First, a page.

For many computationally intensive tasks, exacting precision is not necessary for every step of the entire task to obtain a suitably precise result. The alternative is mixed-precision computing: using high precision where it matters, using low precision where it doesn’t as much. Now, a research team led by the King Abdullah University of Science and Technology (KAUST) has applied mixed-precision computing to drastically reduce the computational load of large geospatial dataset modeling.
“For decades, modeling of environmental data relied on double-precision arithmetic to predict missing data,” explained Sameh Abdulah, a research scientist at KAUST and first author of the paper. “Today, there is high-performance computing hardware that can run single- and half-precision arithmetic with a speedup of 16 and 32 times compared with double-precision arithmetic. To take advantage of this, we propose a three-precision framework that can exploit the acceleration of lower precision while maintaining accuracy by using double-precision arithmetic for vital information.”
The framework operates using a runtime called PaRSEC (Parallel Runtime Scheduling and Execution Controller) developed by a team at the University of Tennessee Knoxville (whose researchers also contributed to this work). PaRSEC, “a generic framework for architecture aware scheduling and management of micro-tasks on distributed many-core heterogeneous architectures,” allowed the researchers to orchestrate the mixed-precision approach across the hardware (which KAUST only specified as a “implemented on a high-performance computing system based on highly parallelized … GPUs”).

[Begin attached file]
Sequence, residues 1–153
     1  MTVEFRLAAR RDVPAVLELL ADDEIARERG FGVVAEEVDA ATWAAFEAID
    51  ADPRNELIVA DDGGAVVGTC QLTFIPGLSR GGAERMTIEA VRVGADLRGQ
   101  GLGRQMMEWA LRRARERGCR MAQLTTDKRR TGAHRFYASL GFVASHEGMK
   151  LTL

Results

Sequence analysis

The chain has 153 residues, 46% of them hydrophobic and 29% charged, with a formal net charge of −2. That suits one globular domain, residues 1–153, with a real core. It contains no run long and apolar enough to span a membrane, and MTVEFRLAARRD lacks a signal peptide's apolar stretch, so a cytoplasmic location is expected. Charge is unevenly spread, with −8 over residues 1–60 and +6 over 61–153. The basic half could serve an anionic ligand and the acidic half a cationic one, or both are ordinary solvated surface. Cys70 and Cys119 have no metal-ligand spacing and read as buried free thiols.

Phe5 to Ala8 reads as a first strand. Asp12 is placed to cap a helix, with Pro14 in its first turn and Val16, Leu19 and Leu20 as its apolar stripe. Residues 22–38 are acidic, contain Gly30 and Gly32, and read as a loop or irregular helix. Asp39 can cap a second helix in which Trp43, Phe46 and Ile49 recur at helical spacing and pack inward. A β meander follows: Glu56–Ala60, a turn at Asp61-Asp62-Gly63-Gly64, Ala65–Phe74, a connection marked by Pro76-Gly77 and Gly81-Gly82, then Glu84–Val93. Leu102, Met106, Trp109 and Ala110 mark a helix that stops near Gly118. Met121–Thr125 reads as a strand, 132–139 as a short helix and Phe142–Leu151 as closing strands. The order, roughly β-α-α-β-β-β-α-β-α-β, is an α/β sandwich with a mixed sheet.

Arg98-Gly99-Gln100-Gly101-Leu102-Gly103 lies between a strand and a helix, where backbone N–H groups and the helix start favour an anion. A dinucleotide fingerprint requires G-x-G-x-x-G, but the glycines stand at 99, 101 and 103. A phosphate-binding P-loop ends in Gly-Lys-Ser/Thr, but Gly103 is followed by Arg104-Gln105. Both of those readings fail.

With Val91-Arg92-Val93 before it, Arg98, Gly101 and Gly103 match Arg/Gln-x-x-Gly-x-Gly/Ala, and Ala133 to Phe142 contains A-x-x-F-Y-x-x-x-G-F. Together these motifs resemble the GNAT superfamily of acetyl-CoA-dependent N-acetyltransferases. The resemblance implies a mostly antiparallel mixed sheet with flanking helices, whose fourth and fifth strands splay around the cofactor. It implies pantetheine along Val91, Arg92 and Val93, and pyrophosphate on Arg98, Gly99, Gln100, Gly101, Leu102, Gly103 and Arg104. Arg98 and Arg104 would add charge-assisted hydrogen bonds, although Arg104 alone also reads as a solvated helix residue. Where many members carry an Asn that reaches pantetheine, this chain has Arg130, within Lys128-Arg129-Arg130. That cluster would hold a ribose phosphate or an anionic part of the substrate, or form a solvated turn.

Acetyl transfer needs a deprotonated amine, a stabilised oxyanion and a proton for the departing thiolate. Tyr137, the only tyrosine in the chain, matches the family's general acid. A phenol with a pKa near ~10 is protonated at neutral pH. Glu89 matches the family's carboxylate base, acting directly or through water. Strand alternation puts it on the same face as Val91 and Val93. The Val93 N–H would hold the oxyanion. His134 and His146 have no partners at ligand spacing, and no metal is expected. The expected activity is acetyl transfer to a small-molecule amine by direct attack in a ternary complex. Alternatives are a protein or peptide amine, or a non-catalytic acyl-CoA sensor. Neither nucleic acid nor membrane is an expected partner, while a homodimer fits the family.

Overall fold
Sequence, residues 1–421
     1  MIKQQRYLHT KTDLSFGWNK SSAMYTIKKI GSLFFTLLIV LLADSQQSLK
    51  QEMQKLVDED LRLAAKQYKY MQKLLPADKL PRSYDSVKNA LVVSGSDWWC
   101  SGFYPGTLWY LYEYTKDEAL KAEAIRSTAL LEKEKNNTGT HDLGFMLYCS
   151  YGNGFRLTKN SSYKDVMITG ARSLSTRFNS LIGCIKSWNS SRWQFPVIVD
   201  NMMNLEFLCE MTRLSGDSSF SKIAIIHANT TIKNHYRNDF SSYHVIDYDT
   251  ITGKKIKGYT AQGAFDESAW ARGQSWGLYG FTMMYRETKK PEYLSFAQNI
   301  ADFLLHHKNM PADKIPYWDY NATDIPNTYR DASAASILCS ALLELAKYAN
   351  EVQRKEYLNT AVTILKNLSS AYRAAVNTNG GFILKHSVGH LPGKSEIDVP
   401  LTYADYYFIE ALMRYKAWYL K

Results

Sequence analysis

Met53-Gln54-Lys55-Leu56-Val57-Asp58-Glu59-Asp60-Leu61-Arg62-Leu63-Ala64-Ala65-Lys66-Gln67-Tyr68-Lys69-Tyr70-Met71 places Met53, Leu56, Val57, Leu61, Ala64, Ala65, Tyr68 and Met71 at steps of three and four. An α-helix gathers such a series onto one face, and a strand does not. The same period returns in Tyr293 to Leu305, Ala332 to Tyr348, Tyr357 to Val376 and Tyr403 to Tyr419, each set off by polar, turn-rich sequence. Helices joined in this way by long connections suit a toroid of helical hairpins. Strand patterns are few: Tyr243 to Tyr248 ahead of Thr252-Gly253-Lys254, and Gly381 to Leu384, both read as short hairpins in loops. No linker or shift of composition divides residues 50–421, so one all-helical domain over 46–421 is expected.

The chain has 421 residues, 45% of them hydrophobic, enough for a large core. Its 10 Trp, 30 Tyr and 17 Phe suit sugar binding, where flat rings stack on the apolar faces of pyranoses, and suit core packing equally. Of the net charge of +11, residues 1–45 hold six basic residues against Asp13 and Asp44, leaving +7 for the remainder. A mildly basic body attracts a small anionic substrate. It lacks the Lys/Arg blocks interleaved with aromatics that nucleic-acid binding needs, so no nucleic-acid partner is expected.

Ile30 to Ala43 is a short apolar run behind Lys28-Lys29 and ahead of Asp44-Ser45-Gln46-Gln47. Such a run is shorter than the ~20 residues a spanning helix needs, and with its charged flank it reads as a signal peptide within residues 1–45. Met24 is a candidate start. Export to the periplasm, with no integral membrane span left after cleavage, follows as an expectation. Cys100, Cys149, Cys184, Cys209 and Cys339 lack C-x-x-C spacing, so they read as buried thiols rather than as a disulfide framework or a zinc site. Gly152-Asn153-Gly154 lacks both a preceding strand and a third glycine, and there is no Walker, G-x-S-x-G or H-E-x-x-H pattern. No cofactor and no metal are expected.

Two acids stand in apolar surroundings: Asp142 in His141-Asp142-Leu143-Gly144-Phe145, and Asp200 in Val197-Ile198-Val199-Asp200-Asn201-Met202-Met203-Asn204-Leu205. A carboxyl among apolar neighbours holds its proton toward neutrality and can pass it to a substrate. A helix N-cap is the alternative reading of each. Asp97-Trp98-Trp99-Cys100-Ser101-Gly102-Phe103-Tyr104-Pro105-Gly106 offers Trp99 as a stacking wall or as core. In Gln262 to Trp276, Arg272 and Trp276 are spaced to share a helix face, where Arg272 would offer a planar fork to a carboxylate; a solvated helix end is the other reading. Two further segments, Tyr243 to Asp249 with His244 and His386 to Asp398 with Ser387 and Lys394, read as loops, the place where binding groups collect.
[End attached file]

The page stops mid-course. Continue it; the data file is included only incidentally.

With PaRSEC in-hand, the researchers applied the framework to geostatistical modeling of a massive dataset, using statistical relationships among the data to select certain weakly correlated data for lower (single- or half-) precision, reserving double-precision analysis for more strongly correlated data.
“The main goal of this project is to leverage the recent parallel linear algebra algorithms developed by KAUST’s Extreme Computing Research Center to scale up geospatial statistics applications on leading-edge parallel architectures,” Abdulah said. “We have shown that we can achieve significant speedup compared to full double-precision arithmetic modeling while preserving the parameter estimations and prediction accuracy to meet the application requirements. … Next, we intend to integrate approximations with mixed precision to further reduce memory footprint and shorten calculation time.”
About the research
The research discussed in this article was published as “Accelerating Geostatistical Modeling and Prediction With Mixed-Precision Computations: A High-Productivity Approach with PaRSEC” in the May 2021 issue of IEEE Transactions on Parallel and Distributed Systems. It was written by Sameh Abdulah, Qinglei Cao, Yu Pei, George Bosilca, Jack Dongarra, Marc M. Genton, David Keyes, Hatem Ltaief and Ying Sun. To read it, click here.